Almost a decade ago, as vice-president of Husby Forest Products, Bob Brash decried a tough new land-use plan for Haida Gwaii as a threat to the viability of commercial logging on the remote B.C. archipelago.

Today, as CEO of Haida Enterprise Corporation (HaiCo), Brash insists that the same plan — signed by the Haida and provincial government in 2007 — continues to pose forestry challenges while providing environmental protection.

“I won’t shy away from the fact that in my opinion this is the toughest standard on the coast of B.C.,” Brash said. “It’s not easy for our foresters and engineers. They have to do a lot of homework, a lot of field work, and a lot of consultations.

“It remains a challenge. It’s not easy.”

He describes the land-use plan as “ecosystem-based management on steroids” for its cultural and environmental requirements. “The list is long and onerous. It’s not wishy-washy. It’s stuff we have to live up to.”

Forestry has changed dramatically on Haida Gwaii in recent years.

When the Haida took over ownership of Tree Farm Licence #60 in 2012, the rate of cut declined to 340,000 cubic metres from 800,000 cubic metres annually. The Haida also have a tenure agreement with the province for another 120,000 cubic metres per year outside TFL #60.

About half of the Haida harvest is old-growth, sold domestically, while the rest is second-growth sent to Prince Rupert and predominantly shipped offshore as logs to the export market. Provincial rules prohibit the export of red and yellow cedar logs.

Although about half of Haida Gwaii is now protected — the vast majority of that old-growth — the old-growth debate continues, Brash noted.

“It’s a conversation that will never go away,” he said. “We try to do the job of balancing things.”

Elsewhere, Ahousaht hereditary chiefs in October announced a moratorium on industrial logging in their traditional territory, which covers almost 60 per cent of the land area of Clayoquot Sound on the west coast of Vancouver Island.

Across the Haida Gwaii forest district, the total cut has also declined — 2.4 million cubic metres in 1984, 1.8 million in 1994, 1.1 million in 2004 and 840,000 in 2014.

Cliff Fregin, incoming chair of HaiCo, agreed the challenge is to balance protection of the environment while remaining a viable business.

He wants to see more custom wood cutting on Haida Gwaii, the pursuit of value-added products such as spruce for musical instruments, and wood waste as an alternative to diesel-based energy. “We won’t be around if we’re not profitable. Haida Gwaii is a unique place, not close to markets.”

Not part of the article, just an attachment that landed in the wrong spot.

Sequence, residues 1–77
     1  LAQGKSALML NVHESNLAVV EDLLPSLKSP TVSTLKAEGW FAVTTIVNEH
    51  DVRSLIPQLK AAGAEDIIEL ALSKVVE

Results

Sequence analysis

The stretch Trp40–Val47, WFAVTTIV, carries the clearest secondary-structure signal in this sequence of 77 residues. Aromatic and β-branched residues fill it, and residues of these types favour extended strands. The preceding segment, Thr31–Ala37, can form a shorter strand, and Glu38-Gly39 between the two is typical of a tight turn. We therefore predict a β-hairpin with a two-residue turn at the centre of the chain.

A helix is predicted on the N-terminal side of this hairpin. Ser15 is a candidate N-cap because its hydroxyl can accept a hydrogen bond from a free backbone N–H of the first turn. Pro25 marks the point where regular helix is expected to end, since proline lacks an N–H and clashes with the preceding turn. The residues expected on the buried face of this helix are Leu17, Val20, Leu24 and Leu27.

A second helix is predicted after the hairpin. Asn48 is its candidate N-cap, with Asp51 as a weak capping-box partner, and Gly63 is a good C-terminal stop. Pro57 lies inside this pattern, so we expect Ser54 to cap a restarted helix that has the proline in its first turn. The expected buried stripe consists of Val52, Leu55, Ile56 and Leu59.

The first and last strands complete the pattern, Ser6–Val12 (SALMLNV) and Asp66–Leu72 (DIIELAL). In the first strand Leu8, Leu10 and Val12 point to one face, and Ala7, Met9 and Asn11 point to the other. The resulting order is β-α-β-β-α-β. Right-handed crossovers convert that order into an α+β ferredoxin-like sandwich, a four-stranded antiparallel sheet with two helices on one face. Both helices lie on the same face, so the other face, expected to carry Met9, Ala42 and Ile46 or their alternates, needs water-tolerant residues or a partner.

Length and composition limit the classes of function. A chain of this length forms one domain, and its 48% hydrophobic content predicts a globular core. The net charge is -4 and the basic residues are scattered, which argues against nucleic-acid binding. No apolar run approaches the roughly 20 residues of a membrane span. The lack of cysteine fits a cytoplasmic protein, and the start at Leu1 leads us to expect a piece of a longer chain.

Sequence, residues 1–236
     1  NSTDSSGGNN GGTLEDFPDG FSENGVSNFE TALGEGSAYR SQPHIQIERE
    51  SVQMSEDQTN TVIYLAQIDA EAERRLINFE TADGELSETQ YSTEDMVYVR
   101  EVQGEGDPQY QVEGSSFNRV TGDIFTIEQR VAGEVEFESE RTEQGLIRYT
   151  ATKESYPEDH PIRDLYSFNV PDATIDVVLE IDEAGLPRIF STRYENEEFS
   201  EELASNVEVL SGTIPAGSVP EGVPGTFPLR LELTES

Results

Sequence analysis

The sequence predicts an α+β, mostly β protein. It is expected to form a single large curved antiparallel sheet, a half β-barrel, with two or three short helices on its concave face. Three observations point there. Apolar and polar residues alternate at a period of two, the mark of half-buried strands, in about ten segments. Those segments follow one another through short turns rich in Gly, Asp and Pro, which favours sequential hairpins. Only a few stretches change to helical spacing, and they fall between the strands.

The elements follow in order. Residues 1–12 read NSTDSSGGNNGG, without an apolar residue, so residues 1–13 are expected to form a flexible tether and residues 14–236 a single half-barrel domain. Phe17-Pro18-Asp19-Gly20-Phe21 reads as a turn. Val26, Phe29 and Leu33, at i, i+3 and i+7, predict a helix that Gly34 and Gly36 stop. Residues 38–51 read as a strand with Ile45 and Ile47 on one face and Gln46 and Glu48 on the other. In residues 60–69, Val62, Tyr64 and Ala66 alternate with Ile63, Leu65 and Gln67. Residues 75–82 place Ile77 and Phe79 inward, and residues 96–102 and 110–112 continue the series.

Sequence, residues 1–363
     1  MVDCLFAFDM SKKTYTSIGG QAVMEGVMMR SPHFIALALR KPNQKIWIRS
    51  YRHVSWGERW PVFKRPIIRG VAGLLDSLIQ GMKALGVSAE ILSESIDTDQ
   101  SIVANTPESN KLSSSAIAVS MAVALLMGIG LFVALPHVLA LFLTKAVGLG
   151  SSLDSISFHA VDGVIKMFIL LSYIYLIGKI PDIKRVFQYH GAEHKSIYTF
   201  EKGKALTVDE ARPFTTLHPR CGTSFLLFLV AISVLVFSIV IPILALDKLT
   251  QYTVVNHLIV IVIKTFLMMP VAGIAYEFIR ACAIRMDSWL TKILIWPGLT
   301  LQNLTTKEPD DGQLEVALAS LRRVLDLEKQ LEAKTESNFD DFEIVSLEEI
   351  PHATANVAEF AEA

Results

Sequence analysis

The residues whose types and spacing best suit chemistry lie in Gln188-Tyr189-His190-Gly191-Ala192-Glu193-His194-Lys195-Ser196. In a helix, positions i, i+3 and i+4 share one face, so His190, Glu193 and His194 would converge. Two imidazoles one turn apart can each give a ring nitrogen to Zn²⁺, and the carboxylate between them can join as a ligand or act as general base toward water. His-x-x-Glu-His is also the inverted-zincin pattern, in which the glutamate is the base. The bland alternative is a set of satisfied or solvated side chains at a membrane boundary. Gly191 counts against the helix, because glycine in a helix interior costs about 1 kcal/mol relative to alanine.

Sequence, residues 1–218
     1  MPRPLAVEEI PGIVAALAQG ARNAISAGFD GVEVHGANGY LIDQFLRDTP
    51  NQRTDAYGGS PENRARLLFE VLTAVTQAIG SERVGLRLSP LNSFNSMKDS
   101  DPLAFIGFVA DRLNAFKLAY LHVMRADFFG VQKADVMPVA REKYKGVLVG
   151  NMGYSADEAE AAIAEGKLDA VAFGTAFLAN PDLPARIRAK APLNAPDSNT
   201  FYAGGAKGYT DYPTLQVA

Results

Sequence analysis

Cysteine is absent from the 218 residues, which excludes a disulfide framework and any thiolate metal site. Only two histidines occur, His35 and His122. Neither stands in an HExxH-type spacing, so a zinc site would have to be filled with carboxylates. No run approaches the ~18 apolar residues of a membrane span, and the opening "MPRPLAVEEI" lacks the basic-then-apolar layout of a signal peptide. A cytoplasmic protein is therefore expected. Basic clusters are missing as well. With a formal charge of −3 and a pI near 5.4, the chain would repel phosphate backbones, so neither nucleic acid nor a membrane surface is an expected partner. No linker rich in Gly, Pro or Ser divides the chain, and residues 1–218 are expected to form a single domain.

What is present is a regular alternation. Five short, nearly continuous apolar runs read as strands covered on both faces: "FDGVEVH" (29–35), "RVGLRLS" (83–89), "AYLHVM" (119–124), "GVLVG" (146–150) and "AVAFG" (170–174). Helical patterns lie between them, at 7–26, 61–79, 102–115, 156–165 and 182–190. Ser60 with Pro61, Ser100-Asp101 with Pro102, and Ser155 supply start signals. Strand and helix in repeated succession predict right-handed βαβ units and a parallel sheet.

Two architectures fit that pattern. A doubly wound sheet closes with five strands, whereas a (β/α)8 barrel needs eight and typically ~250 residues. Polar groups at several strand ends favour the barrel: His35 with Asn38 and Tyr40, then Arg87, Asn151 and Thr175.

He’d also like to see better marketing of the Haida brand and the “sustainable way we do our work.”

The Vancouver Sun reported in October that three private companies were each found guilty of 20 counts of environmentally destructive logging practices near Port Clements on Graham Island in 2010.

Two of the companies had Haida ownership, including two former high-profile vice-presidents of the Council of the Haida Nation, Arnie Bellis and Frank Collison. While no official Haida organization was involved, the optics were not good.
“If there are private Haida companies out there, we want them to succeed, but we want it done right, we don’t want that to affect our business or the Haida Nation,” Fregin said. “That’s not the way we want to do business, for sure.”

The case is adjourned to Jan. 14 in Masset provincial court.

Brash served as district forests manager for the B.C. government in Dawson Creek, Chilliwack, and Haida Gwaii before joining the private sector with Husby Forest Products and then the Haida about six years ago.

HaiCo is the umbrella business arm of the Haida that includes Taan Forest, the logging operation, as well as tourism and fish processing operations such as Westcoast Resorts fishing lodges and Haida Wild seafoods.

“I’ve always had an affinity for the First Nation and what they were trying to accomplish,” Brash said. “It affects the way you think about things. You do things differently.”

Currently about 95 per cent of Taan Forest employees live on Haida Gwaii — including 19 company staff and about 120 on contract, including loggers and engineers — and about half of those are Haida, including Taan general manager Richard Jones. In the past, 60 to 70 per cent of workers were local.

There is also an effort to keep people working rather than resorting to layoffs during weak market conditions.

“We can get through and break even and keep people working,” Brash said. “There are people who have to put bread on the table.”

The Haida continue to achieve the “gold standard of environmental certification” — the Forest Stewardship Council — but would like to see more market results for the effort, Brash said.

“It’s a tough, onerous, extensive certification scheme that has far more requirements for recognition of First Nations rights, environmental action, and protection of old-growth stands,” he said. “A lot of people wave the flag about doing thing properly, buying sustainable products and stuff like that. When it comes down to the crunch and they have to pay a few cents extra for that most of them quickly lose their environmental stewardship, put it that way.”

Last October, three logging groups operating in the mid-coast Timber Supply Area — Western Forest Products, Interfor and B.C. Timber Sales — pulled their group certification with FSC to concentrate on implementing ecosystem-based forest management in the Great Bear Rainforest. The certification had covered 760,000 hectares of timber lands.

Interfor spokeswoman Karen Brandt said Interfor operations in B.C. continue to be certified under Sustainable Forestry Initiative. Canadian Standards Association is another certification group.

“All three standards are very comparable.” she said. “Over time they’ve come to the point they all look very similar.”